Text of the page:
Record a real conversation with a friend. (It’s up to you whether you ask permission
Before listening to the recording, write your account of both sides of the conversation.
Then listen to the recording and make note of the discrepancies. Perhaps there are
unfinished sentences, stammers, pauses, mis-communications etc.
Reflect upon the believability of re-enacted narratives and how this can be applied
to constructed photography. What do you learn from the conversation recording
process and how can you transfer what you learned into making pictures?
For this exercise I recorded a conversation with a friend down the pub. I asked my friend first if it was OK to record a conversation. We spent the whole evening putting the world to rights but I recorded roughly a 17min conversation. I have decided not to share the actual conversation on line, for my own privacy but I have a recording if my tutor wants to hear it.
My recollection of the recording was that we were sat drinking pints outside in the evening. It was fresh but not cold. My beer was good! There were a few people about and there was some kind of function going on at the pub. There was also a bit of Police activity further down the road during part of the conversation which kept distracting me (4 Police cars drove past at one point, generally unheard of in my town) along with people walking past.
I remember having the usual catchup conversations but I find recalling the detail of the conversation is quite hard now thinking back to it. A lot has happened in the past week. It was a clear night and I remember chatting about how it would be a good night for photography, talking about different camper vans, travelling and wishing I knew more about fixing up engines.
Having listened back to the conversation I was surprised to hear how many different things we discussed in a short period of time; some interconnected/linked others entirely random. I spoke about a red umbrella I’ve recently purchased, book purchases, framing pictures/photographs and YouTube.
As a general observation I noted how conversations don’t take a linear storytelling form and how the un-constructed conversation differs massively from a pre thought out or planned story, play, film, conservation or speech.
I think one of the challenges for photographers as storytellers (whether fictional or non-fictional) is to make the conversation coherent but also fluid and natural. When I think back to some of the TV shows that were around when I was a kid growing up in the 90’s some of the dialogue seemed out of place for the characters i.e. written by an adult for a teenage character and audience, the two things didn’t align correctly. Ever watched an episode of Dawson’s Creek or Roswell? It could be it was an adult trying to recollect their own childhood but only seeing it now through the eyes of an adult in a different time and place.
I think another challenge for photographers is getting your visual message to communicate effectively to different types of people who all have different backgrounds and upbringings etc. A single photograph may mean something different to different people but you may want the core message (your intention) to reach as many people as you realistically can. I also think we as photographers may learn something new from fresh eyes that we never saw ourselves or never originally intended. Its important to be clear about what you want to communicate, unless you intentionally want to leave something widely open to interpretation.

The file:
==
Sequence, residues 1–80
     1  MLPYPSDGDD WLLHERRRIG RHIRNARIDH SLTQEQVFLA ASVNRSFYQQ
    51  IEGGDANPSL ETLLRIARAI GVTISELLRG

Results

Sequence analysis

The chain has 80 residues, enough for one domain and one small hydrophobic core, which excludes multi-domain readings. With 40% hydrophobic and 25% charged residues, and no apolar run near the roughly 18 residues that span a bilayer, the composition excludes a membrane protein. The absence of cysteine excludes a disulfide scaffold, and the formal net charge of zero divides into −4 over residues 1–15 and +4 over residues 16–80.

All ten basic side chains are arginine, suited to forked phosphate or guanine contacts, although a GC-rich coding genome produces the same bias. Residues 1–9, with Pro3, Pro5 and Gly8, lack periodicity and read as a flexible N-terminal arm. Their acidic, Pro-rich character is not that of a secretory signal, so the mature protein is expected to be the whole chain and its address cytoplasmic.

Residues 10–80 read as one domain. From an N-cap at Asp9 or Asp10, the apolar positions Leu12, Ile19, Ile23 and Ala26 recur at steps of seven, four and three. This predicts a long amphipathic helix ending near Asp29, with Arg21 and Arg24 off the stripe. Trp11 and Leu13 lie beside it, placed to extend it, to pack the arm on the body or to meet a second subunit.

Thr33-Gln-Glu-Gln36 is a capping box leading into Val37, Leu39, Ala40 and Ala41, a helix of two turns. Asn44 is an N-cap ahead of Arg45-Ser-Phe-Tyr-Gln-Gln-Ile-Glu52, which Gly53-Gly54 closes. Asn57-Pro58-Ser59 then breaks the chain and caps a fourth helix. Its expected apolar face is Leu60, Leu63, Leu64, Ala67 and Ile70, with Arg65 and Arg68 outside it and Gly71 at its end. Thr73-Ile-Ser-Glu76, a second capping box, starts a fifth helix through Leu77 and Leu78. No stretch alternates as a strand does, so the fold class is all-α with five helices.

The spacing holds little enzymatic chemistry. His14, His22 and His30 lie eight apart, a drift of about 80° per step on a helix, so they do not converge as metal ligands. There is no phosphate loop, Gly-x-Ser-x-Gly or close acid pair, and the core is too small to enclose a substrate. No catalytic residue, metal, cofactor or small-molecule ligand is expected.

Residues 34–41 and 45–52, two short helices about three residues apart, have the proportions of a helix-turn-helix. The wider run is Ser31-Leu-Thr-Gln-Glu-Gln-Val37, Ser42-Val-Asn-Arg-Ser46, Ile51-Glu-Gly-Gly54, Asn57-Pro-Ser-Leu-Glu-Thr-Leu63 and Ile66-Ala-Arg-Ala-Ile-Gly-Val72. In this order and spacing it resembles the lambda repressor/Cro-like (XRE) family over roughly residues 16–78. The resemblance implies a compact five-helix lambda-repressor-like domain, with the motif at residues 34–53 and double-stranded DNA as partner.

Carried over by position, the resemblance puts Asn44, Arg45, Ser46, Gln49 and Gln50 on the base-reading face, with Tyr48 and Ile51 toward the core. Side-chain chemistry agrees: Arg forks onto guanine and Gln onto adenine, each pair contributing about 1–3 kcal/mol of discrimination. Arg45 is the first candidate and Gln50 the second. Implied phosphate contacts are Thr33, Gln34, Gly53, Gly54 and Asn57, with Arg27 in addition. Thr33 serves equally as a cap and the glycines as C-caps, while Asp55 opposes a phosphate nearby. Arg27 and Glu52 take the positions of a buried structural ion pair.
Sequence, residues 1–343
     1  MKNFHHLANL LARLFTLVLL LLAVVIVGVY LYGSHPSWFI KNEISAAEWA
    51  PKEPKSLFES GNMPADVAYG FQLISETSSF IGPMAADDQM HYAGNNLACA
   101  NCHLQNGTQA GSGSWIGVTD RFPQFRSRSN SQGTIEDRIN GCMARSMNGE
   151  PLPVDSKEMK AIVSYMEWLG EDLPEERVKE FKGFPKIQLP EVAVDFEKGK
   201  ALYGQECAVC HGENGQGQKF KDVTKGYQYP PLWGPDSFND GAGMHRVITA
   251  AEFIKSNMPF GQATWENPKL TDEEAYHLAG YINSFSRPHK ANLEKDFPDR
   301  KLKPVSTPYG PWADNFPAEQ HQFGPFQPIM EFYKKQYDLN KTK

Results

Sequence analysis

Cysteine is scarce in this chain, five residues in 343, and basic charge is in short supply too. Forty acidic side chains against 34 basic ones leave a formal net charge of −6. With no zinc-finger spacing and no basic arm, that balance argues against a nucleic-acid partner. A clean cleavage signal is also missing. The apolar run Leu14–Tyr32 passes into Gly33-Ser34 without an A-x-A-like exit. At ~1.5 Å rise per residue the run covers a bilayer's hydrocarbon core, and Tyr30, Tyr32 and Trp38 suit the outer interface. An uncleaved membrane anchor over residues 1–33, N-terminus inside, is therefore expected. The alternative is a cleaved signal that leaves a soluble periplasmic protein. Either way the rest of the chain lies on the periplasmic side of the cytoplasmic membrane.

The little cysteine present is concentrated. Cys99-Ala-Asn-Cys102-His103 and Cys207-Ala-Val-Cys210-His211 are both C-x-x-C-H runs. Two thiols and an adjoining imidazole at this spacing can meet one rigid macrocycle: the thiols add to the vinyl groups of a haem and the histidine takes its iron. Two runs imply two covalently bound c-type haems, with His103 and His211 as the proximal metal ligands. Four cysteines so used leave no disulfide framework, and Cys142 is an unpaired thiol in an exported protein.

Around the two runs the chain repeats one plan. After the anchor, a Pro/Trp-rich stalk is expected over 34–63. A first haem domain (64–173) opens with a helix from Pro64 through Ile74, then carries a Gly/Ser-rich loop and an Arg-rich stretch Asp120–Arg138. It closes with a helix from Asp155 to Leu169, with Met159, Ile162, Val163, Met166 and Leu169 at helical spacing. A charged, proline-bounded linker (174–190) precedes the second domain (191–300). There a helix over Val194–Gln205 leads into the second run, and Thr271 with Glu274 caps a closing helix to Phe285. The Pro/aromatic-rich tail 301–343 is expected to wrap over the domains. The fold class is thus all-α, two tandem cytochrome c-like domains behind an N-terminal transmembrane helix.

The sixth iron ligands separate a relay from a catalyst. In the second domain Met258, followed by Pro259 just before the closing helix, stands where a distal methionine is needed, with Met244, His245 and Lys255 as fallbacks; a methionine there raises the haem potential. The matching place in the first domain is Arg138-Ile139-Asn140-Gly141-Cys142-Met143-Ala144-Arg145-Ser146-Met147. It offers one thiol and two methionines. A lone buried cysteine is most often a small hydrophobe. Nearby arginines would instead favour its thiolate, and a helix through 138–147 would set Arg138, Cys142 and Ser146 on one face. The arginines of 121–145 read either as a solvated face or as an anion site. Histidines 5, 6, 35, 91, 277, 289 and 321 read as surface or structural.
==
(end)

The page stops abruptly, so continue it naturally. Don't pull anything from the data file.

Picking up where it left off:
I was also interested to observe the following:
- I really hate the sound of my own voice recorded. Its sounds really different to how I hear it in my own head or when I write. I struggle to find the correct words sometimes when I speak, as if the thoughts are too fast for my mouth to communicate verbally. I may even hang on a particular word for a moment or take a pause or drink some of my pint!
- It was fascinating to see how conversations start, often through open questions or through observations on society and reflecting back upon them.
- how topics end and lead into other ones.
- how themes or patterns in conversation develop.
- how conversations can go off on tangents, sometimes coming back to its original theme.
- how conflicting ideas are dealt with in conversation.
- how fascinating the introvert mind is.
- how there are gaps in verbal conversation where other types of communication take place, like visually observing your surroundings.
- the recording doesn’t necessarily capture all the distractions around us, like cars driving past or people walking past. I find I am often highly aware of my surroundings or easily distracted, this in turn means I sometimes don’t hear what people have said properly. So it was interesting to hear that on a recording. For example at one point I misheard a town my friend was talking about, it wasn’t until further down the conversation my friend and I realised we were thinking about two different places! I guess this is an example of miscommunication.
- how the words we use and the way we say them impact on the successful or unsuccessful delivery of our message. This would seem extremely relevant to the visual language of photography and how we as photographers communicate our message across.
- how conversations don’t always follow a smooth pattern of one person listening and the other speaking. Communication isn’t always a straight line, it jumps around. There are stops and starts, interruptions, sometimes someone loses their train of thought and the other person tries to pull the conversation back to where you were.